The archbishop of Canterbury is the senior bishop and principal leader of the Church of England, the symbolic head of the worldwide Anglican Communion and the diocesan bishop of the Diocese of Canterbury. The current archbishop is Justin Welby, who was enthroned at Canterbury Cathedral on 21 March 2013. Welby is the 105th in a line which goes back more than 1400 years to Augustine of Canterbury, the "Apostle to the English", sent from Rome in the year 597. Welby succeeded Rowan Williams.

London Borough of Croydon Borough in United Kingdom

The London Borough of Croydon is a London borough in south London, part of Outer London. It covers an area of 87 km2 (33.6 sq mi). It is the southernmost borough of London. At its centre is the historic town of Croydon from which the borough takes its name; while other urban centres include Coulsdon, Purley, South Norwood, Norbury, New Addington and Thornton Heath. Croydon is mentioned in Domesday Book, and from a small market town has expanded into one of the most populous areas on the fringe of London. The borough is now one of London's leading business, financial and cultural centres, and its influence in entertainment and the arts contribute to its status as a major metropolitan centre. Its population is 386,710, making it the second largest London borough and fifteenth largest English district.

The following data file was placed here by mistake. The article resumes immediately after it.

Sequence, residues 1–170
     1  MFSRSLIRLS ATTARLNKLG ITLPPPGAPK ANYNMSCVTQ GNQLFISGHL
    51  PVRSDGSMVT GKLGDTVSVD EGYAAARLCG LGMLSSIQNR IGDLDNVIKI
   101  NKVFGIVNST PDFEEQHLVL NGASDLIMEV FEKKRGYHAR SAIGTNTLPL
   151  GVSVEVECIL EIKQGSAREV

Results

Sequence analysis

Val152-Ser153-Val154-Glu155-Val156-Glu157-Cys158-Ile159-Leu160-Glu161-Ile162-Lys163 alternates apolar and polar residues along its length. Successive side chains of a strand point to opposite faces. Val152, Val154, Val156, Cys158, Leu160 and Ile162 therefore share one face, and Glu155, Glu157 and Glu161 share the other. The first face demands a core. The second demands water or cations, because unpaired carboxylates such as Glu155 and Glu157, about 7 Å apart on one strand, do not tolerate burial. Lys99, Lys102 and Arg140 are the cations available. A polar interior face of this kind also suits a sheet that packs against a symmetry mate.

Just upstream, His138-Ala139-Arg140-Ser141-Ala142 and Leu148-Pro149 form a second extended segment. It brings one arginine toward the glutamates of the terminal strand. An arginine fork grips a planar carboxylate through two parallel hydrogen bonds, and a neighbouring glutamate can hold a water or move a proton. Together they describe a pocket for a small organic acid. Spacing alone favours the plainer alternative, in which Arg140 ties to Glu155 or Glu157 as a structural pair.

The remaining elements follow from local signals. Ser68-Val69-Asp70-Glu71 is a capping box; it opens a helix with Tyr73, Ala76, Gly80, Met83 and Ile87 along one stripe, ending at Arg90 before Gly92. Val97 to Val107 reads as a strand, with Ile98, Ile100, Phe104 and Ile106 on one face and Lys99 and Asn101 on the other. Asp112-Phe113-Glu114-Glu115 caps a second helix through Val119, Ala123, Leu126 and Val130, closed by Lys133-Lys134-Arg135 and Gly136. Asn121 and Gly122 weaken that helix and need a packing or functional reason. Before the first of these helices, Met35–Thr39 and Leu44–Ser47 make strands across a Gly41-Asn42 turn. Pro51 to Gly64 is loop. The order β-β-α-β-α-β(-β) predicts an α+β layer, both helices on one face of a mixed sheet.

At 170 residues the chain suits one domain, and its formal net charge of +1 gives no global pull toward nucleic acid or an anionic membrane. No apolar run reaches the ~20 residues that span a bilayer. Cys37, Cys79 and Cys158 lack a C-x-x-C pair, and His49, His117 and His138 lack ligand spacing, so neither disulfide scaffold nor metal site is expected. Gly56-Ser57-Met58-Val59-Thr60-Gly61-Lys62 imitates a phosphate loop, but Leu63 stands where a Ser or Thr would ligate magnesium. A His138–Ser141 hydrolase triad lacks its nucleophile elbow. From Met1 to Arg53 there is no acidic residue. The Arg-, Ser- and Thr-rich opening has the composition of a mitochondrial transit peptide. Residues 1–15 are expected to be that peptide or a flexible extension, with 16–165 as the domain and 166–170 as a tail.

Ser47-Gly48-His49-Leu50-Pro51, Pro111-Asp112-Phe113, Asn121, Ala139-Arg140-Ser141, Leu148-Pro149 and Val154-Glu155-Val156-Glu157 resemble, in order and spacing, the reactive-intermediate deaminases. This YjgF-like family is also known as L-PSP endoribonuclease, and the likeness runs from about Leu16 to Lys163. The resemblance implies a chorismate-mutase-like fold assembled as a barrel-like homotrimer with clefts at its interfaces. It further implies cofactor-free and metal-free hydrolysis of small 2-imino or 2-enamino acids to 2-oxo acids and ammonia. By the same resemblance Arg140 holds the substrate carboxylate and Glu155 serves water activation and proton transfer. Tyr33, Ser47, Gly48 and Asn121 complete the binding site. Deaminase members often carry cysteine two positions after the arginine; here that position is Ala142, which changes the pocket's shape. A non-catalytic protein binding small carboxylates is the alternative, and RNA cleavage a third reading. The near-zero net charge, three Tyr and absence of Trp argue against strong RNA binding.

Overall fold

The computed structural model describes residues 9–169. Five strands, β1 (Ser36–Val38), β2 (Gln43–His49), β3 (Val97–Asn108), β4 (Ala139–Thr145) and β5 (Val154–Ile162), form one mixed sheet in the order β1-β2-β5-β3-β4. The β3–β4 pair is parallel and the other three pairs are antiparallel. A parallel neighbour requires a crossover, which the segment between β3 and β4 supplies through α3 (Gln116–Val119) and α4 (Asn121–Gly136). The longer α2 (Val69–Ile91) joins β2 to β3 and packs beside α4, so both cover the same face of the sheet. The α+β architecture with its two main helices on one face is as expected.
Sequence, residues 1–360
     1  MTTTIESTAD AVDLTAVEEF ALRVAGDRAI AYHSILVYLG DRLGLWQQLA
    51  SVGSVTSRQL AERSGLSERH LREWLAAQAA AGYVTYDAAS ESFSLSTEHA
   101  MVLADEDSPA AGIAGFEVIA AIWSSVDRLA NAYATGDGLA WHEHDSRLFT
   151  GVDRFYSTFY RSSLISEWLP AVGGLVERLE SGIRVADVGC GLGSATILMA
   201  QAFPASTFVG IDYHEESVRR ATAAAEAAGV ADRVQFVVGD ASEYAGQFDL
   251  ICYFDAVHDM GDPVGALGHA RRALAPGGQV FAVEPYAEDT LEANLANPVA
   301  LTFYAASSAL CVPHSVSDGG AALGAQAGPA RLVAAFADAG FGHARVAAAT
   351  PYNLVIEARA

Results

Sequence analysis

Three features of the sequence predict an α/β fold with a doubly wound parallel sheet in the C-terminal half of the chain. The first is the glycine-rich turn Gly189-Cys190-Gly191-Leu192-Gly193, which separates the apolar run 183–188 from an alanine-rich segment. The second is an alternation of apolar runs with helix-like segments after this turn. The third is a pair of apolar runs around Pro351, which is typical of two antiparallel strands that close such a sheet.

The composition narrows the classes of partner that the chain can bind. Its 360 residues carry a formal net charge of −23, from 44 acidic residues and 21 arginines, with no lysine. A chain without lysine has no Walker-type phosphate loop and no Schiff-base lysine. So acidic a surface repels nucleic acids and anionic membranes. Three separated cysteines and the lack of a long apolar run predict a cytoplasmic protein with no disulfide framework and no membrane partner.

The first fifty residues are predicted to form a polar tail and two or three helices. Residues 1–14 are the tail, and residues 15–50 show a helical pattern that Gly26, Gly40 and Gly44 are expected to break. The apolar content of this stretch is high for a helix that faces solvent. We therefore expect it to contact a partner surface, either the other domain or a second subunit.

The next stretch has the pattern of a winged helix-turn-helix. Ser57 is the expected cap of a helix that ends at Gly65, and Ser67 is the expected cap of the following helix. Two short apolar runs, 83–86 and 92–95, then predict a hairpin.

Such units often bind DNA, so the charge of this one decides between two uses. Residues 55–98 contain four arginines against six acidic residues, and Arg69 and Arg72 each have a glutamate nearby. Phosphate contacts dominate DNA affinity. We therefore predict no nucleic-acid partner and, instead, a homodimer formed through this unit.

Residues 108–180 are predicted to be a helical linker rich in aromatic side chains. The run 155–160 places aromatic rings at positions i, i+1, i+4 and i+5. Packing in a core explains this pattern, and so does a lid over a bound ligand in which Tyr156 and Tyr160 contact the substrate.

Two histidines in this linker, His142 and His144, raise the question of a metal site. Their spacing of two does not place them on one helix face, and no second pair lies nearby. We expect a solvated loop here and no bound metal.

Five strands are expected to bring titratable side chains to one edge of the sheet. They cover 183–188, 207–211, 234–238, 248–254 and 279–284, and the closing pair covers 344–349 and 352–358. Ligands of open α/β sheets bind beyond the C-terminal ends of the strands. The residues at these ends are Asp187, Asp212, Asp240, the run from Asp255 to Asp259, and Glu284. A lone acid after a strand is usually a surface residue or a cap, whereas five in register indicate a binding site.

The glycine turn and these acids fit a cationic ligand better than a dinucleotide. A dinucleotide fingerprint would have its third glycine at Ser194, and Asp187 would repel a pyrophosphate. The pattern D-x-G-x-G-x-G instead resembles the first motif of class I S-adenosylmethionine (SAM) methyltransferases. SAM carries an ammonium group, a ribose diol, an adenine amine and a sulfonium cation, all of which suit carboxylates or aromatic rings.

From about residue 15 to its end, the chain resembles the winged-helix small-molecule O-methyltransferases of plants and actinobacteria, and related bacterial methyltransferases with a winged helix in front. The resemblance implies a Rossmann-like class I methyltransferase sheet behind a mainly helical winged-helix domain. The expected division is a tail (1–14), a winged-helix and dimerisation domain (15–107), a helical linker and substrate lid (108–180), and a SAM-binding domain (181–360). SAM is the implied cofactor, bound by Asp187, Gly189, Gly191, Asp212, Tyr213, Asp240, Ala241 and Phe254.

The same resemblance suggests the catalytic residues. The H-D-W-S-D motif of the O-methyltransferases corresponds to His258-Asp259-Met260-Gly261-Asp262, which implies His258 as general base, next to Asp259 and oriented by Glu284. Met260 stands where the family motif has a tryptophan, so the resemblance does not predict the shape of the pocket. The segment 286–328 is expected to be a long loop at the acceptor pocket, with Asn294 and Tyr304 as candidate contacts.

Addington, London Human settlement in England

Addington is a village and area in south London, England, within the London Borough of Croydon. It is south of Spring Park, west of Coney Hall, north of New Addington and east of Forestdale and Selsdon, and is 11.1 miles (18 km) south of Charing Cross and 4 miles (6.4 km) south-east of the centre of Croydon.

Waddon Human settlement in England

Waddon is a neighbourhood in the London Borough of Croydon, at the western end of the town of Croydon. The area borders the London Borough of Sutton.

Addington Palace Mansion in Addington in Greater London, England

Addington Palace is an 18th-century mansion in Addington near Croydon in south London, within the historic county of Surrey. It was built on the site of a 16th-century manor house. It is particularly known for having been, between 1807 and 1897, the summer residence of the Archbishops of Canterbury. Between 1953 and 1996 it was occupied by the Royal School of Church Music. It is now a conference and wedding venue and country club, while the grounds are occupied by a golf course.

Gilbert Sheldon

Gilbert Sheldon was the Archbishop of Canterbury from 1663 until his death.

John Whitgift

John Whitgift was the Archbishop of Canterbury from 1583 to his death. Noted for his hospitality, he was somewhat ostentatious in his habits, sometimes visiting Canterbury and other towns attended by a retinue of 800 horses. Whitgift's theological views were often controversial.

Lambeth Palace Official London residence of the Archbishop of Canterbury

Lambeth Palace is the official London residence of the Archbishop of Canterbury. It is situated in north Lambeth, London, on the south bank of the River Thames, 400 yards south-east of the Palace of Westminster, which houses the Houses of Parliament, on the opposite bank.

Croydon Town in South London, England

Croydon is a large town in South London, England that gives its name to the London Borough of Croydon. It is one of the largest commercial districts in Greater London, with an extensive shopping district and night-time economy. The entire town had a population of 192,064 as of 2011, whilst the wider borough had a population of 384,837. It is 9.4 miles (15.1 km) south of Charing Cross.

Trinity School of John Whitgift Independent school in Croydon, Greater London